The results were similar for males, with no significant differences in BMI by cranial irradiation dose. However, percent body and trunk fat both increased with any cranial irradiation. Percent body and trunk fat did not differ between the radiation dose groups.
In this study, we evaluated BMI, total body and trunk fat in a convenience sample of pediatric cancer survivors with several tumor types from one geographical region of the United States. As opposed to focusing on original diagnoses, our analyses identified demographic, lifestyle (television viewing), and treatment-related factors associated with adiposity that can be applied to non-Hispanic white pediatric cancer survivors as a general group.
We compared anthropometric and metabolic indices associated with body fat between pediatric cancer survivors and their siblings. With ballooning rates of childhood obesity and its sequelae, (12,13) a comparison group is necessary to discriminate late cancer effects from contemporary trends. BMI was similar among male and female survivors, each compared to their siblings. Over a third of the cancer survivors met criteria for overweight or obese, yet these percentiles were not statistically different than the controls. However, male survivors had more trunk and total body fat than their siblings. Lipid profiles and television viewing were also different in male survivors. Cranial irradiation and television viewing were associated with higher total fat and trunk fat (not BMI) for both males and females.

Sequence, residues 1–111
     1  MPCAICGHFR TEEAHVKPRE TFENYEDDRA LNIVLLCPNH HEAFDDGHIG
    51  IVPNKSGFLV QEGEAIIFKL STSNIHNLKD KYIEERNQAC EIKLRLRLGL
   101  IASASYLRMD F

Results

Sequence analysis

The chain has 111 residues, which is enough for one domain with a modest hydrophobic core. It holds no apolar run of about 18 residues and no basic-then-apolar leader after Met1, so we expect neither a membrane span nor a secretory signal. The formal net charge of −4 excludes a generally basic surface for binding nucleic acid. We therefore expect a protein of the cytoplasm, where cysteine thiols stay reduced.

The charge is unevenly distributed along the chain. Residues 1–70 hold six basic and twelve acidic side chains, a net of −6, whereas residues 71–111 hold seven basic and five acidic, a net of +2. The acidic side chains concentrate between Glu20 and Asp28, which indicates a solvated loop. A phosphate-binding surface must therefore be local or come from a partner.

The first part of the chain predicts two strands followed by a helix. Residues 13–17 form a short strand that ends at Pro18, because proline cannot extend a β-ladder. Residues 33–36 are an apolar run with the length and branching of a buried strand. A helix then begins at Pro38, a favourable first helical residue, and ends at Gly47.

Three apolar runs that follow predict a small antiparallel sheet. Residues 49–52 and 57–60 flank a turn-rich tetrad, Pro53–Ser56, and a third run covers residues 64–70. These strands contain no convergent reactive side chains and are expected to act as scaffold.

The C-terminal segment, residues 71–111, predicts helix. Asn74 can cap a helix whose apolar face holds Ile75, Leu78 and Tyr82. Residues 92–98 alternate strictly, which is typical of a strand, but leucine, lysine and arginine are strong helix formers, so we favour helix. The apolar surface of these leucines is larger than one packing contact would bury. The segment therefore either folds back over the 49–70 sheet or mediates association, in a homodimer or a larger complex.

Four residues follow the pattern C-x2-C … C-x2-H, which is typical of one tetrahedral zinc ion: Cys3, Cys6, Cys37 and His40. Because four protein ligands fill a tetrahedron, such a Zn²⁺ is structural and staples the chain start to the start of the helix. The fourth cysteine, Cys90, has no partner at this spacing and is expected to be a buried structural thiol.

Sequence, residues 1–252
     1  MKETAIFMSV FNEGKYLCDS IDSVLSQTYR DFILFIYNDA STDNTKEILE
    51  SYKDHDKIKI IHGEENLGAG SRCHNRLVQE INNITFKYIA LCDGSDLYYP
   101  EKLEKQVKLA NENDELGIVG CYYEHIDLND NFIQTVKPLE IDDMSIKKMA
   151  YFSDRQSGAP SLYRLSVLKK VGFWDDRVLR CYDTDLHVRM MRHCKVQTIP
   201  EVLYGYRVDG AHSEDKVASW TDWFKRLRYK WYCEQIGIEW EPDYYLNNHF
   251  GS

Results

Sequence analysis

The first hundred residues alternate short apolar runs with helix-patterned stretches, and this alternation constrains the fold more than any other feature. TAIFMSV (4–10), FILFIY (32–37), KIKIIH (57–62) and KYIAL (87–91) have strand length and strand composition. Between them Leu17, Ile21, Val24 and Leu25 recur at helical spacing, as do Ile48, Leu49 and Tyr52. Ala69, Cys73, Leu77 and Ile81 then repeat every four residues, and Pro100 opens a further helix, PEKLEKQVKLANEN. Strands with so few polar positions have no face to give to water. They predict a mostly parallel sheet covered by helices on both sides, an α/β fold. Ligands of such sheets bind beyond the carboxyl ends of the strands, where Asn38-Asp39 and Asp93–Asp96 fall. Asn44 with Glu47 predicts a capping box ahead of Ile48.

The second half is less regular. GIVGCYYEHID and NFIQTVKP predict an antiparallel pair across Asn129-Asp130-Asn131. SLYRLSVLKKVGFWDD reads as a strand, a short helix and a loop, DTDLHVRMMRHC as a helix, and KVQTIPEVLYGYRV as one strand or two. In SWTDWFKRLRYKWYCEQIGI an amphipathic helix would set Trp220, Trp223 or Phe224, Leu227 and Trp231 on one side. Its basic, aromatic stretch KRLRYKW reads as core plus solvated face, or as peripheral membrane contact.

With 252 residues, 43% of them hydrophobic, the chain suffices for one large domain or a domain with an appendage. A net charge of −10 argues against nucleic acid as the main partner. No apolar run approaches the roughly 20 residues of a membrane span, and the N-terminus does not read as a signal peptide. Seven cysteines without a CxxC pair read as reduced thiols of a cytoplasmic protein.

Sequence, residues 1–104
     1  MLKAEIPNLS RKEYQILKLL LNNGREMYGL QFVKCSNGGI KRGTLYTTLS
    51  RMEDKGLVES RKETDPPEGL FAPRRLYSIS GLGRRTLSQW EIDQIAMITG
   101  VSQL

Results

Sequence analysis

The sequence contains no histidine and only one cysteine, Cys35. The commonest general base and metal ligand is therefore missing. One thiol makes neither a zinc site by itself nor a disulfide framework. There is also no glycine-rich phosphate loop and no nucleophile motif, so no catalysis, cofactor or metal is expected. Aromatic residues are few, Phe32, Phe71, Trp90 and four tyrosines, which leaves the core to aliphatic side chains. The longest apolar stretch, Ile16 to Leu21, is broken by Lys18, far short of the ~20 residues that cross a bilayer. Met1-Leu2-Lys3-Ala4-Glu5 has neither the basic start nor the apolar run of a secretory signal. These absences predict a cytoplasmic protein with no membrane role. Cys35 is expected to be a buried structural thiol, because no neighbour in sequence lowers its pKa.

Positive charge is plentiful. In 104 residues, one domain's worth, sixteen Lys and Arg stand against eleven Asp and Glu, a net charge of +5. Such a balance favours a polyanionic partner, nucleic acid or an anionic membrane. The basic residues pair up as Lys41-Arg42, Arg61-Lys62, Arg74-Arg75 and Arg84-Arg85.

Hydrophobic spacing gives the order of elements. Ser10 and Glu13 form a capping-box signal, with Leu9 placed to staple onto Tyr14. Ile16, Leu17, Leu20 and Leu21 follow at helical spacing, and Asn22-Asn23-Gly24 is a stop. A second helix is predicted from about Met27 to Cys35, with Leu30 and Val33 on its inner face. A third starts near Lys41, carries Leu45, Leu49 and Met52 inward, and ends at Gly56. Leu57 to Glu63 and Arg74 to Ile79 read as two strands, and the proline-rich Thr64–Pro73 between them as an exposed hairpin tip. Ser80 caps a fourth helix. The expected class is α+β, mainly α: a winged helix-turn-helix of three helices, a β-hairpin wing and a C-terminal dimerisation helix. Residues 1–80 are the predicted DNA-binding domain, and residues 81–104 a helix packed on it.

Although not considered in the final model because of our objectives to study the effects of past treatment regimens, we did find leukemia survivors and those with brain tumors had higher estimates of body fat than other diagnoses. The associations between these diagnoses and body fat are likely confounded by these patients’ past receipt of cranial irradiation. Because the location of the brain tumor may have produced specific abnormalities that would affect body fat, we did consider this tumor type in the final model, however this variable was not retained (data not shown).
Adiposity in survivors of childhood leukemia (8,9,23–27) and brain tumors (28, 29) has been studied. The prevalence of overweight and obesity, as measured by BMI, in childhood acute lymphoblastic leukemia survivors ranges between 21% and 54% (overweight) and 14% and 30% (obese) in some studies. (8) Some investigators have found that pediatric cancer survivors do not have higher-than-normal BMIs (28, 30–32) and some survivors are at significant risk for being underweight. (33) Variability in patient characteristics and study design, including length of follow-up, treatment, and appropriateness of controls, might explain these conflicting results.